Original film poster
|Directed by||Jack Starrett|
|Produced by||Joe Solomon|
|Written by||Alan Caillou|
|Music by||Stu Phillips|
|Edited by||Richard K. Brockway|
|Distributed by||Fanfare Films Inc.|
The plot involves a gang of Hells Angels type bikers called "The Devil's Advocates" involved in the Vietnam War. They are sent to the Cambodian jungle on Yamaha bikes in order to rescue an American diplomat/CIA Agent (Starrett).
The biker gang is led by Link (William Smith), a Vietnam veteran and the brother of an Army Major (Dan Kemp) who has recruited them. His gang consists of Duke (Adam Roarke) also a Vietnam veteran, Limpy (Paul Koslo), Speed (Eugene Cornelius), and another Vietnam veteran Dirty Denny (Houston Savage who was killed in a road accident not long after completing the film). They are under the orders of Army Captain Jackson (Bernie Hamilton).
The gang modifies their motorcycles in a garage run by Vic Diaz. They weld armour plating with submachine guns on the handlebars. Limpy drives a three-wheeler modified from a Harley-Davidson frame with a Volkswagen rear end that is armed with heavy .50 calibre machine guns and a multiple rocket launcher from a helicopter. In order to open fire on enemy soldiers in trees or towers the gang do wheelies whilst firing their weapons.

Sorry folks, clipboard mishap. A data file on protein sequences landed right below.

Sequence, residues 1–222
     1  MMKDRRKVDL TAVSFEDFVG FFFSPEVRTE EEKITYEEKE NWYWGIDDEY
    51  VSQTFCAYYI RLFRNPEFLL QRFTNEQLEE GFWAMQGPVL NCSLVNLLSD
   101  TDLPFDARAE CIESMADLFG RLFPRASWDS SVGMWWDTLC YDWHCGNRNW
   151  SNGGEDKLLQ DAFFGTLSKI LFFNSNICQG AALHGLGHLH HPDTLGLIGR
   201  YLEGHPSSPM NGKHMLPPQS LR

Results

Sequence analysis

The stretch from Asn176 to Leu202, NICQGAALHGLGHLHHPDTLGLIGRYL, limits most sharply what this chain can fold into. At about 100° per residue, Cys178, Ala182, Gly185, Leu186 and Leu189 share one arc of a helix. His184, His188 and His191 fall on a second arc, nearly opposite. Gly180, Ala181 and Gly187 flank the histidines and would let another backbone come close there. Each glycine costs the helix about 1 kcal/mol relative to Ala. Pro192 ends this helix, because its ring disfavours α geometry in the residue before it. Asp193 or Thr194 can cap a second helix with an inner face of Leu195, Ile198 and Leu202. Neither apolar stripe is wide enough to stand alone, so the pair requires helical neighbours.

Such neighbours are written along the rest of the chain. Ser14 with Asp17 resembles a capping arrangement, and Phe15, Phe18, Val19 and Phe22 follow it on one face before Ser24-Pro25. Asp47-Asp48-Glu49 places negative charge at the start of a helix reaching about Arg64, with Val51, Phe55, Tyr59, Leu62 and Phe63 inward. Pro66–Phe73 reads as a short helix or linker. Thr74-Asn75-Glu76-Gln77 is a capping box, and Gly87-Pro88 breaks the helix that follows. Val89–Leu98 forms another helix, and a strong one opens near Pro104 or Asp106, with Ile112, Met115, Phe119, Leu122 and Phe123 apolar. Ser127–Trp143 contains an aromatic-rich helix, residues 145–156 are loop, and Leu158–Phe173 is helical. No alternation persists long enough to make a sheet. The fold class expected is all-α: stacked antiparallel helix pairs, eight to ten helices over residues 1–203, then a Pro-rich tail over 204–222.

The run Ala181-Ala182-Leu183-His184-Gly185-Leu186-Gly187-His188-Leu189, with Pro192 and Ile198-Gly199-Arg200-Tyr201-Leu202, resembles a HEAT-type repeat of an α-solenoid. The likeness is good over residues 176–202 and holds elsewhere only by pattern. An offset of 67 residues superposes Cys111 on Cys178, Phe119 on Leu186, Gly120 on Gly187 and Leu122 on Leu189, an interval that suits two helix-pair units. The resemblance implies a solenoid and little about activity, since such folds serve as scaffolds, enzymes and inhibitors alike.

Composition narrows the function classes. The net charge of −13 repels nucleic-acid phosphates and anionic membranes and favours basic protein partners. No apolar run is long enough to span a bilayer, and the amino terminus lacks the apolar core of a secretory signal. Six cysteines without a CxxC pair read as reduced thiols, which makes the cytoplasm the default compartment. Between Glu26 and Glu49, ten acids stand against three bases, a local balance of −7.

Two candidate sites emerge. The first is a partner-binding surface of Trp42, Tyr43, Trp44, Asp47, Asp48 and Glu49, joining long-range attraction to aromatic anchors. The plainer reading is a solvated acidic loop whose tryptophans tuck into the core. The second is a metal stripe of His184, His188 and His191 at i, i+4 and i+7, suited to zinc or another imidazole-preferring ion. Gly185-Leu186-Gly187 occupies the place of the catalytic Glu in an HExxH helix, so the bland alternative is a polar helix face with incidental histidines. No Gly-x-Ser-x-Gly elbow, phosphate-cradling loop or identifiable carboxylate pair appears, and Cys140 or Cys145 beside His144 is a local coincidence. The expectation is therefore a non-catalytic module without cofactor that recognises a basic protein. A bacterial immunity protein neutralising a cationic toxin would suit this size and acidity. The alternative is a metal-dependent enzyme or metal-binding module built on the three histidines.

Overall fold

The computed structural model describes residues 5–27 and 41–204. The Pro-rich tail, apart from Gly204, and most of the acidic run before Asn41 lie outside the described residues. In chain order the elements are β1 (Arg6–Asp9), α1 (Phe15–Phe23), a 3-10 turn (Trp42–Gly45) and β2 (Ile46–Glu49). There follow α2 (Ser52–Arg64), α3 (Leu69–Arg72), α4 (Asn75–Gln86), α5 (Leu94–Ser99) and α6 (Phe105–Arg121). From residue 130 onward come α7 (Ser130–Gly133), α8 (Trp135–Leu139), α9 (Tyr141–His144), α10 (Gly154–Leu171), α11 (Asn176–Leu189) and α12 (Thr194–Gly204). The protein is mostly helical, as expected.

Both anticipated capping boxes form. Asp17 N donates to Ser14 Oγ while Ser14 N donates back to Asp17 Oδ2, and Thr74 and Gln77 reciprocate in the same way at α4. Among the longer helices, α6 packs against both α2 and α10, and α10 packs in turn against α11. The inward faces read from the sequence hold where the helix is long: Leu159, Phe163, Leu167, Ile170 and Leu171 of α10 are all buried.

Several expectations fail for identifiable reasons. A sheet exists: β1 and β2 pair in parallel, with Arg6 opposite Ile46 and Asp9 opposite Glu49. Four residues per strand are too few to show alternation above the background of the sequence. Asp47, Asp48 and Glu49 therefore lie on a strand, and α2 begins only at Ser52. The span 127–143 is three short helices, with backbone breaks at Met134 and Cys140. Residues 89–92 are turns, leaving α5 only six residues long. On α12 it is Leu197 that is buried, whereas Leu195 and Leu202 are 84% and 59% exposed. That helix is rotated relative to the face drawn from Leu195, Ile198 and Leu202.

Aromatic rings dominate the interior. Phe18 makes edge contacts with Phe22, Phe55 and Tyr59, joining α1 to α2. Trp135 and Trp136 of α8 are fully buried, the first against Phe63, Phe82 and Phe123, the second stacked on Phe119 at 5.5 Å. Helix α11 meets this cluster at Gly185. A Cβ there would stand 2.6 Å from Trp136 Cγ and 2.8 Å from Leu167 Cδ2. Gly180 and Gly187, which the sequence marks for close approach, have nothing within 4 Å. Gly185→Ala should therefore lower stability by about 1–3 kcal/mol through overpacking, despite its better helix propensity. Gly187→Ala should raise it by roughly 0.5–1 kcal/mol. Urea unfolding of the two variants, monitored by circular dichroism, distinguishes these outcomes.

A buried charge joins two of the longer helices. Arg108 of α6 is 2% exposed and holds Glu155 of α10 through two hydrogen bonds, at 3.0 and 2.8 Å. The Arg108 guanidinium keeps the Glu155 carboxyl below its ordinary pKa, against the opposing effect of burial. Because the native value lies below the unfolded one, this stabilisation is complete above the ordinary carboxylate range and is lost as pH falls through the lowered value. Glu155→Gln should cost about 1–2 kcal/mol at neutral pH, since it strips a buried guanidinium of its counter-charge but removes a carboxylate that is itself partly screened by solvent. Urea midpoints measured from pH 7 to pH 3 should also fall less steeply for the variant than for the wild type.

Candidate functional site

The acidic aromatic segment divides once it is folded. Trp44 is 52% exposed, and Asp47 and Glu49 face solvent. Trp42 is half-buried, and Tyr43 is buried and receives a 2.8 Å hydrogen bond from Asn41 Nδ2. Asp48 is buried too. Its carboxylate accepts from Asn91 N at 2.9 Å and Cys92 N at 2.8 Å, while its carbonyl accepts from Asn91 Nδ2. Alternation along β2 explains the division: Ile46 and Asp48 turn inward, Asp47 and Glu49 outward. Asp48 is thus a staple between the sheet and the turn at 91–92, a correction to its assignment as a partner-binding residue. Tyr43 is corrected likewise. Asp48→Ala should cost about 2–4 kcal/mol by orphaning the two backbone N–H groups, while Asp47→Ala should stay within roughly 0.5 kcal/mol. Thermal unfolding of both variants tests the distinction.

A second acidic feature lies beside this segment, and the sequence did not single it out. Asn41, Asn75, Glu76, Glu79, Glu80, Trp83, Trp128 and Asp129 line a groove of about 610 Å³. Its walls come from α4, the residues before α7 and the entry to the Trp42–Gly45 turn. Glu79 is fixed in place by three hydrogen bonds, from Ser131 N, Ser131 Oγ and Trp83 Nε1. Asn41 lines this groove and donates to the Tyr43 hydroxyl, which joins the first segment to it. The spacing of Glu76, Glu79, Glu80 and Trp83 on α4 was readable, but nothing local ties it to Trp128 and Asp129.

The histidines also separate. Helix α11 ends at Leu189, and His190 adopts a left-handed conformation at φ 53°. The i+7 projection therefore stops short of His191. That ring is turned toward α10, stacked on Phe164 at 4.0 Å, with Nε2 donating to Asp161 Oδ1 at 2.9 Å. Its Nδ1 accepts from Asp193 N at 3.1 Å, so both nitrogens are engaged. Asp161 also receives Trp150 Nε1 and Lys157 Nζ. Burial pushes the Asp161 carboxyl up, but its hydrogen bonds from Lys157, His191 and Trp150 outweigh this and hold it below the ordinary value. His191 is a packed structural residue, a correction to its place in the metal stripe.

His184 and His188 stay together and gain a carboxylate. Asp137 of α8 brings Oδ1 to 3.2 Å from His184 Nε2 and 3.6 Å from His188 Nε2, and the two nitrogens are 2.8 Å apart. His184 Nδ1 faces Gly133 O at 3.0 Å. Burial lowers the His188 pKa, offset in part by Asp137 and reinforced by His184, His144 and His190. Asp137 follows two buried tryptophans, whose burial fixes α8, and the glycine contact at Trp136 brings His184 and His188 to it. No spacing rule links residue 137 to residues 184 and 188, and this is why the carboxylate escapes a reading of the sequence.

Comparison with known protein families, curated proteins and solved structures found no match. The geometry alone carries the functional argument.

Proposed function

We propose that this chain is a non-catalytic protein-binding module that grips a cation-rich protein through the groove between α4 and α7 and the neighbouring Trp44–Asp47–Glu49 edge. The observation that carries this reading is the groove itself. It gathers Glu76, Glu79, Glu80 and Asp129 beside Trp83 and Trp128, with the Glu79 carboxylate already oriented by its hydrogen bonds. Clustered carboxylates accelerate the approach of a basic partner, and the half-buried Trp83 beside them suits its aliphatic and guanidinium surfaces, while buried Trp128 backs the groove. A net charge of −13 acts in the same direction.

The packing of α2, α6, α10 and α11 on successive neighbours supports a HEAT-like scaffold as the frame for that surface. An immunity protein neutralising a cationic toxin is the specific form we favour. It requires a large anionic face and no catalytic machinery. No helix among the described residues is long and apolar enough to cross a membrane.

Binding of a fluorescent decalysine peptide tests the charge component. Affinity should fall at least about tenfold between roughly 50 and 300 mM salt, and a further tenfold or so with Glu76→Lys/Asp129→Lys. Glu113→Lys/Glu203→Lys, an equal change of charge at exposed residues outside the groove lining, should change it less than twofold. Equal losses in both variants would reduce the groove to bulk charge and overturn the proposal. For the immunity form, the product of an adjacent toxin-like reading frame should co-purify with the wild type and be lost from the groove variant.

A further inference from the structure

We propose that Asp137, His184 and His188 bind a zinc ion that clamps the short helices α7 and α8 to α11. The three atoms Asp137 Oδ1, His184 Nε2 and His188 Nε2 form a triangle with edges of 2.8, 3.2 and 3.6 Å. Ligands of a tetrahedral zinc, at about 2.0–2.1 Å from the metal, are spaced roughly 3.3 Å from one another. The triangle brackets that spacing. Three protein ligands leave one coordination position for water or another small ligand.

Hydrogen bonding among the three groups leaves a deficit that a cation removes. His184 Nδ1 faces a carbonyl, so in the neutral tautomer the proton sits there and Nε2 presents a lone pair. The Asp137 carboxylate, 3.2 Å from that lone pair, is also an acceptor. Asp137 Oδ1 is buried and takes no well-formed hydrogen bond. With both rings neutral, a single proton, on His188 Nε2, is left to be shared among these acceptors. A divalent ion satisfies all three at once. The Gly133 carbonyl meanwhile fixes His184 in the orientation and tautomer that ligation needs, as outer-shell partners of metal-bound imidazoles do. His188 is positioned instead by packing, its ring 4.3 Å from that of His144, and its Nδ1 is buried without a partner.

On 19 November 1965, Sonny Barger the "Maximum Leader" of the Hells Angels motorcycle club sent a telegram to President Johnson offering the Angels as "gorilla fighters" (sic) in the Vietnam War. Though the President turned them down, the idea became a Vietnam War movie made in the Philippines using sets and crew from Too Late the Hero.
William Smith stated that the original ending had the rescued diplomat die whilst the Hells Angels lived, but Jack Starrett and Smith rewrote Alan Caillou's screenplay. Smith also stated that the earring he wore in the film was given to him by Hells Angels during another motorcycle film he made.
Paul Koslo was taught to ride by the film's stuntman Gary McLarty.
"The Devil's Advocates" gang also appears in the film Werewolves on Wheels.
Similar film with different title
- Nam Angels a 1989 film
- Devine, Jeremy M. & Schatz, William. Vietnam at 24 Frames a Second, McFarland, 1995, p. 60.